Complete Homily for 12th Sunday in Ordinary Time

 

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LIVESTREAM is now on YouTube

10AM SUNDAY MASS

8 – 8.30PM WEDNESDAY EVENING PRAYER

To watch the Livestream go to CLICK HERE FOR LIVESTREAM ON YOUTUBE at the top of this website. The parish YouTube channel will appear then click on the LIVE NOW video.

 

Readings for 12th Sunday in Ordinary Time_

Daily Prayers Week 12

 

Corpus Christi

Download Bulletin 14th June 2020

 

Corpus Christi clipart

Corpus Christi Homily by Fr Hugh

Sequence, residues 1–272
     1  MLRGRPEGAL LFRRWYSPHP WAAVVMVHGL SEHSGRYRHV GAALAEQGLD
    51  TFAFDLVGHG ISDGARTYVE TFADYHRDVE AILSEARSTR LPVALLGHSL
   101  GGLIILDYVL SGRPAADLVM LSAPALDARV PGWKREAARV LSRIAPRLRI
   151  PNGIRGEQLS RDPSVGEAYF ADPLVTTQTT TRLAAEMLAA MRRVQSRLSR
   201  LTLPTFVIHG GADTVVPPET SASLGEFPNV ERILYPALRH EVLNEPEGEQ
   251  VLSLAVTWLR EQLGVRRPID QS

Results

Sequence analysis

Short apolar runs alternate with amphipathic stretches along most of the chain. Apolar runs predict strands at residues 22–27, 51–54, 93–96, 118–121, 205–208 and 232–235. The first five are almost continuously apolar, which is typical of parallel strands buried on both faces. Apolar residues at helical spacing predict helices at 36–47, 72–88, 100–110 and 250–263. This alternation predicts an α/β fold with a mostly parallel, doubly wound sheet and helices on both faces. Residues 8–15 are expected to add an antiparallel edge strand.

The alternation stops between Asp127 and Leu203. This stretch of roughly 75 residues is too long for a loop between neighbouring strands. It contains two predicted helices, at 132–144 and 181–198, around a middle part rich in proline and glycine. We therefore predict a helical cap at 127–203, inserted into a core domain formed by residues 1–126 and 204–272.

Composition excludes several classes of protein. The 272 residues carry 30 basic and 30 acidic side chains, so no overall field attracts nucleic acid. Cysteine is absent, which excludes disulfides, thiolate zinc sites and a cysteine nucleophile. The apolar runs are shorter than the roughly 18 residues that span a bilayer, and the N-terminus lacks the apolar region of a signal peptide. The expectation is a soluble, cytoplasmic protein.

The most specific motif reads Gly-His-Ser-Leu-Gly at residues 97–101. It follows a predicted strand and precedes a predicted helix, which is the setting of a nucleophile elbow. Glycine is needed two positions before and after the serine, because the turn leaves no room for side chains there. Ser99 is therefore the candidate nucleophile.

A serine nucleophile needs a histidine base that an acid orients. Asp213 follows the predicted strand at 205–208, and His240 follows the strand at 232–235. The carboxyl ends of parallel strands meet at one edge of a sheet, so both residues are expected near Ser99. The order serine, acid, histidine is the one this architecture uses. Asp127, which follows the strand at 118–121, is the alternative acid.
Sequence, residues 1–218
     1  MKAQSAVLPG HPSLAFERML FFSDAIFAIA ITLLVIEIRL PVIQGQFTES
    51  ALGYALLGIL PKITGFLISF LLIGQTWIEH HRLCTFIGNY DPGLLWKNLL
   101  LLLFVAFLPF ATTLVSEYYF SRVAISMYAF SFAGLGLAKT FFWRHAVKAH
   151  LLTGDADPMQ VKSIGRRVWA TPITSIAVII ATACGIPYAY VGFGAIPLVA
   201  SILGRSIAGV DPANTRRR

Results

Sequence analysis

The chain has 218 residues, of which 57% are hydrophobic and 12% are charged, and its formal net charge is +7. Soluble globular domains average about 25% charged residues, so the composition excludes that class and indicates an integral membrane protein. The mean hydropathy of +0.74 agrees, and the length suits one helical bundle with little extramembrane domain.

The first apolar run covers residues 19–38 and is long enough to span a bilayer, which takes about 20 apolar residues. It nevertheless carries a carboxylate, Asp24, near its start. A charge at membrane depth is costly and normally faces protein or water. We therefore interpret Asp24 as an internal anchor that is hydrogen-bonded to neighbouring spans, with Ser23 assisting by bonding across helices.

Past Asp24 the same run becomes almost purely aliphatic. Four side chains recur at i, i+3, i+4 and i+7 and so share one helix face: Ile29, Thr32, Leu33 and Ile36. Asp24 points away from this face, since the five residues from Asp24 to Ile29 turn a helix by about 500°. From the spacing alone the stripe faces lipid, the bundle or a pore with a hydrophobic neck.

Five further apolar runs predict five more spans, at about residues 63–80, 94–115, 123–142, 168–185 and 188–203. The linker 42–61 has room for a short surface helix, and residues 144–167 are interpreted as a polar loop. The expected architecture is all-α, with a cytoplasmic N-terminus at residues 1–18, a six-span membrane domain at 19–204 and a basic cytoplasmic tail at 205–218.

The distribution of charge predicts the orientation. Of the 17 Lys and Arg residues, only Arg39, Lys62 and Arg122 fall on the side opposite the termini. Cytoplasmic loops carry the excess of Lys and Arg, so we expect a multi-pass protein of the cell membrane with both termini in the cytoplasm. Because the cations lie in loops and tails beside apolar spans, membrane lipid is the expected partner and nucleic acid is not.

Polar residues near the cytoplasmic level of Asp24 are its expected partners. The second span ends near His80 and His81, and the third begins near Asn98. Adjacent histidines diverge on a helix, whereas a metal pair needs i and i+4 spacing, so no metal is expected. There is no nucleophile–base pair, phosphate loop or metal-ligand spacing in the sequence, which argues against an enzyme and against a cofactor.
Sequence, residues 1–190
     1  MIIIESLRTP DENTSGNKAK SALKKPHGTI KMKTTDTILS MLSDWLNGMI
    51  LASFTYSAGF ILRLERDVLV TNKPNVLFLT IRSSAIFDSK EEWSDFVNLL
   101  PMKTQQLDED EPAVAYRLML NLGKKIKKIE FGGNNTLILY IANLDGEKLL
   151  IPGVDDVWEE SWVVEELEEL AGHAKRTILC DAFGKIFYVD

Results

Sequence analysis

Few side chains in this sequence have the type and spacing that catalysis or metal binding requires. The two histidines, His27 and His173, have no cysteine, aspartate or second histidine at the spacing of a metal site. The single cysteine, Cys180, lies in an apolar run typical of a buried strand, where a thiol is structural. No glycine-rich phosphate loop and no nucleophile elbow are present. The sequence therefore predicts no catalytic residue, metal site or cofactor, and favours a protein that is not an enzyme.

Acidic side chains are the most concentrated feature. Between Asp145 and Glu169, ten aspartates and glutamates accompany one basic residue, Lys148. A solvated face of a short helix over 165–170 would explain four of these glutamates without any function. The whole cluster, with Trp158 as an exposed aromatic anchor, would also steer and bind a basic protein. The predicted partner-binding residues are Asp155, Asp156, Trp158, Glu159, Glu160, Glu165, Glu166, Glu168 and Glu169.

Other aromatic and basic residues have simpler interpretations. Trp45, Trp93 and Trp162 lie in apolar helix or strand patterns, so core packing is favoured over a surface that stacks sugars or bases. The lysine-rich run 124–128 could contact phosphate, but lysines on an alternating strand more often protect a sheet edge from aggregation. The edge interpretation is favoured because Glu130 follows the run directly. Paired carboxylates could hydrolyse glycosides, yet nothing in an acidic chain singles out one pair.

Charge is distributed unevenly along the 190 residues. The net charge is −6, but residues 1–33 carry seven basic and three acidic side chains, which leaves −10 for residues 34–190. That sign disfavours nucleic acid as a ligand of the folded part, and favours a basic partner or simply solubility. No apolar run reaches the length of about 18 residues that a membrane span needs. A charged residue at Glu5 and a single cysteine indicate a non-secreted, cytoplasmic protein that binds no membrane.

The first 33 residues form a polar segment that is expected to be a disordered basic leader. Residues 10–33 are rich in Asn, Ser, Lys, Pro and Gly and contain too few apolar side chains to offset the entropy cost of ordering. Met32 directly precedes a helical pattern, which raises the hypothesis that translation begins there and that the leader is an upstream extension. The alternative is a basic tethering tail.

We often have First Holy Communions about now, sadly not this year, when I take out a £5 note and tear it up to entertain the children.  Why? You might ask.  Well, on all our banknotes it says, ‘I promise to pay the bearer the sum of so many pounds,’ signed by the Chief Cashier, for the Governor and Company of the bank of England.  My point is that a piece of paper (or plastic now, not so easy to tear up) can really become £5 because we have an agreement, us and the Bank.  So when we go into a shop the seller does not say, ‘I don’t want that bit of plastic.’  Through the Bank’s agreement with the people, we can all trust that it has become £5.  From there I go on to say, bread and wine can become Jesus’ body and blood, change, because we and God have an agreement which Jesus gave us at the Last Supper so that when we come together for Mass we are sharing in his sacrifice.  I think the most that the children remember is the money being torn up.  However it does sort of make a point.  However for all we can discuss how the bread and wine change, the main point is that we have an agreement, or in church language a ‘covenant’ with God.  This is the ‘new covenant’ as we pray every Sunday at Mass.  So what I want to talk about is not St. Thomas and Transubstantiation, interesting as that is, but the wider context of our Mass, because taking it out of context can mean we lose sight of what we are truly about…..